temperormuthuk_vanalingambeowulfschmidt
  • Reply 24 of 30
    GeorgeBMacGeorgeBMac Posts: 11,044member
    dee_dee said:
    The future of software development is remote.  Apple will learn this lesson sooner or later.  Hopefully before they lose too much talent. 

    Many companies have already realized that gone to remote development -- in India.
    And, what's the difference if you're working out of Hoboken or Mumbai?  Once you go remote the job goes to the one who puts out the most work for the least amount of money.

    But,so far, Apple has resisted that trend.
    edited July 2021
  • Reply 25 of 30
    GeorgeBMacGeorgeBMac Posts: 11,044member
    lkrupp said:
    So what? I see this as just stirring up shit and the tech media trying to make a big deal out of it. Don't want to come in to work? Fine, find another job.

    "While Apple is not doing away with in-person work arrangements, it does appear to moving forward with hybrid models. Later in 2021, the company will test a hybrid work modelfor retail employees that will see them conducting remote customer service and technical support tasks in weeks when they aren't working in a store.”

    So customers with issues will no longer be able to make an appointment to speak with a Genius face-to-face? What if face-to-face appointments are limited becasue not enough reps are in the store to handle them? Then why even visit the store?

    I fully agree...
     
    At the core of the issue is the question of whether working from home yields the same amount and quality of work as does in office work.

    Steve Jobs wanted "A players" saying that "A players don't like to work with B players"...
    In that, he was recognizing the impact that supervisors and coworkers have on one another.   When quality and performance (rather than hours spent) are the goal posts, that influence and collaboration make the difference between exceptional mediocre.

    For myself, I found that working with exceptional supervisors and team mates brought me up to a new level -- a level I never could have achieved on my own.
  • Reply 26 of 30
    ronnronn Posts: 479member
    seanj said:
    ronn said:
    Apple has not only set up for a hybrid return, they doubled down on the plan. It appears Cook & O'Brien are not going to change it. If some employees are not keen on the plan, they better have their resumes polished and ready for distribution. I don't feel sorry for them as the vast majority of workers don't have the luxury of working remotely a good portion of their time. Hell, a majority have no remote option available.
    Really? Surveys here in the U.K. showed close to 50% of employees were able to successfully work from home during the pandemic with a large proportion wanting to continue to do so.
    Now it’s true that blue collar workers and some white collar workers do have to go into work, but I’m surprised by your claim the “vast majority” of people in the USA fall into that category. You’re implying the USA workforce has less professional positions that other similar economies. I doubt that.
    I wouldn't use surveys as a true gauge of who was able to work remotely. Labor Departments (or their national equivalents) would be much better at painting a better picture of who was able to work from home during the Pandmic. I read business pubs, websites and orgs on a regular basis. They generally report that at most, about a third of the workforce was able to work from home. Most reports show that many (most?) businesses that offered remote work want to get back to "normal" by the end of this Summer, maybe early Fall. Leisure & Hospitality, and service workers can't work from home. Neither can in-home workers (like housekeeping, health aides, nannies/childcare workers, etc) that would still be needed by those that can work from home. Construction, home building and many sale jobs can't be done from home.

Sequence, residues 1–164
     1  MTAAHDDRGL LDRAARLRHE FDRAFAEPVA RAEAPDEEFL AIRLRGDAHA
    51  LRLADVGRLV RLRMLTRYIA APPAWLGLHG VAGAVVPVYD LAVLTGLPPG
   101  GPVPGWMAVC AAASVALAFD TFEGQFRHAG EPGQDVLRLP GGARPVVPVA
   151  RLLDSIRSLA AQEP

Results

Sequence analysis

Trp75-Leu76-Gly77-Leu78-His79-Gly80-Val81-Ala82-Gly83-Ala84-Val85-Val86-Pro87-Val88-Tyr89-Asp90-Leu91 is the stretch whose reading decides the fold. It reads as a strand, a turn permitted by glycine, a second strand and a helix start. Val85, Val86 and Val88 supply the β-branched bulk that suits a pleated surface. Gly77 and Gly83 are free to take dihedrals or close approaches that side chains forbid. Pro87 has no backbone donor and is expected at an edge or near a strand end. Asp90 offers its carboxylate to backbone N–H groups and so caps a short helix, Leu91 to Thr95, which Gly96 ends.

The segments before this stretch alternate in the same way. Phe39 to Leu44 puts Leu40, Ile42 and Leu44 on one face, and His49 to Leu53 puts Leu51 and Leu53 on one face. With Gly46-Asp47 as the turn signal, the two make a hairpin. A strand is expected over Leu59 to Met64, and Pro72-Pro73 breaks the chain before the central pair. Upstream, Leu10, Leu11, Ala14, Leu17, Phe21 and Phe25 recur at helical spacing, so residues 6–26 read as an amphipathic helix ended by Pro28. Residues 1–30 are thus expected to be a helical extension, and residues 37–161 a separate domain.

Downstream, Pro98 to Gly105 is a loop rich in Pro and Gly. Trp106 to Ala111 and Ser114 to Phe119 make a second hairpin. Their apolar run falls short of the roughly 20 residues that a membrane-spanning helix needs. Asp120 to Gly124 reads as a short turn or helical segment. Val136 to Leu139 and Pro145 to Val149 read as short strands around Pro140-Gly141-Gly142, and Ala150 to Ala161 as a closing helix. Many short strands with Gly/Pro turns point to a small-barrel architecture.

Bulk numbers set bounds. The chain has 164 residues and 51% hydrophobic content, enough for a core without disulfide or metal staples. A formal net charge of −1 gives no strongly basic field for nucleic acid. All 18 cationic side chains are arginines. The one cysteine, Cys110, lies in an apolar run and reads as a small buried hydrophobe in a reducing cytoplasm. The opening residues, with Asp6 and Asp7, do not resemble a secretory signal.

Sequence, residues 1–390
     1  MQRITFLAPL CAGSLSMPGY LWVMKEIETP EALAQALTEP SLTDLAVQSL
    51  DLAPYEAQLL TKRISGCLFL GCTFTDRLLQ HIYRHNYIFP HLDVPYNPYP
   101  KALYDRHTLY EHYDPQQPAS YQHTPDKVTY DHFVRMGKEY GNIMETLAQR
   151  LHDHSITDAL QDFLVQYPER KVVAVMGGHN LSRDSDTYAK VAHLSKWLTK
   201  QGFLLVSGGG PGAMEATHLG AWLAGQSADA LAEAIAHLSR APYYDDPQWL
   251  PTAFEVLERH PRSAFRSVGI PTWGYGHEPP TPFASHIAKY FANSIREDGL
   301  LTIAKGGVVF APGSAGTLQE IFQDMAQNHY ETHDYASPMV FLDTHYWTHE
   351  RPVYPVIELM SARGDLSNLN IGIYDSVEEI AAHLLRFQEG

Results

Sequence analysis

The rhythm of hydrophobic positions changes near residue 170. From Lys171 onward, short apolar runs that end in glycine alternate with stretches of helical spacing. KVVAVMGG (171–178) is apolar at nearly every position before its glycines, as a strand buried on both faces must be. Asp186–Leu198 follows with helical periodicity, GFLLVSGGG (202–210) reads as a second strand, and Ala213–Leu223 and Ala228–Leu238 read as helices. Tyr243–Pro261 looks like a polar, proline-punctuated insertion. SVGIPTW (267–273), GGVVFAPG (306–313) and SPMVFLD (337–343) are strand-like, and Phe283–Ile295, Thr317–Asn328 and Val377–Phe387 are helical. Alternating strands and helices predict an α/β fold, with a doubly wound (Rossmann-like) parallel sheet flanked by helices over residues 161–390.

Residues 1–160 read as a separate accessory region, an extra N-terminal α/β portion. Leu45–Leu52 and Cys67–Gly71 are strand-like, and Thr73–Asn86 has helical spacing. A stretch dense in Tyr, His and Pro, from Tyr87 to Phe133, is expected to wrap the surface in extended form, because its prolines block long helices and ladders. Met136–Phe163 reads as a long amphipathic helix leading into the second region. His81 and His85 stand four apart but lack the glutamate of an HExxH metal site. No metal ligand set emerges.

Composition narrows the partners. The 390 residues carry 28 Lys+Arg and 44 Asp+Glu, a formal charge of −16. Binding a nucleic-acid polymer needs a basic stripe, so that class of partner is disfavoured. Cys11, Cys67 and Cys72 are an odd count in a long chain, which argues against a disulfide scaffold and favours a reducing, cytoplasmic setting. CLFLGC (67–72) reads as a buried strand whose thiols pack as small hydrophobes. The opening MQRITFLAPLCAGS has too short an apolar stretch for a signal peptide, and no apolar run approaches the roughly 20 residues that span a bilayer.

Now to your last point: "You’re implying the USA workforce has less professional positions that other similar economies. I doubt that."

    I don't have stats at hand, but given how the USA is at the bottom in many/most categories amongst peer nations (ie. OECD member states) I don't doubt that that is the case.
  • Reply 27 of 30
    GeorgeBMacGeorgeBMac Posts: 11,044member
    ronn said:
    seanj said:
    ronn said:
    Apple has not only set up for a hybrid return, they doubled down on the plan. It appears Cook & O'Brien are not going to change it. If some employees are not keen on the plan, they better have their resumes polished and ready for distribution. I don't feel sorry for them as the vast majority of workers don't have the luxury of working remotely a good portion of their time. Hell, a majority have no remote option available.
    Really? Surveys here in the U.K. showed close to 50% of employees were able to successfully work from home during the pandemic with a large proportion wanting to continue to do so.
    Now it’s true that blue collar workers and some white collar workers do have to go into work, but I’m surprised by your claim the “vast majority” of people in the USA fall into that category. You’re implying the USA workforce has less professional positions that other similar economies. I doubt that.
    I wouldn't use surveys as a true gauge of who was able to work remotely. Labor Departments (or their national equivalents) would be much better at painting a better picture of who was able to work from home during the Pandmic. I read business pubs, websites and orgs on a regular basis. They generally report that at most, about a third of the workforce was able to work from home. Most reports show that many (most?) businesses that offered remote work want to get back to "normal" by the end of this Summer, maybe early Fall. Leisure & Hospitality, and service workers can't work from home. Neither can in-home workers (like housekeeping, health aides, nannies/childcare workers, etc) that would still be needed by those that can work from home. Construction, home building and many sale jobs can't be done from home.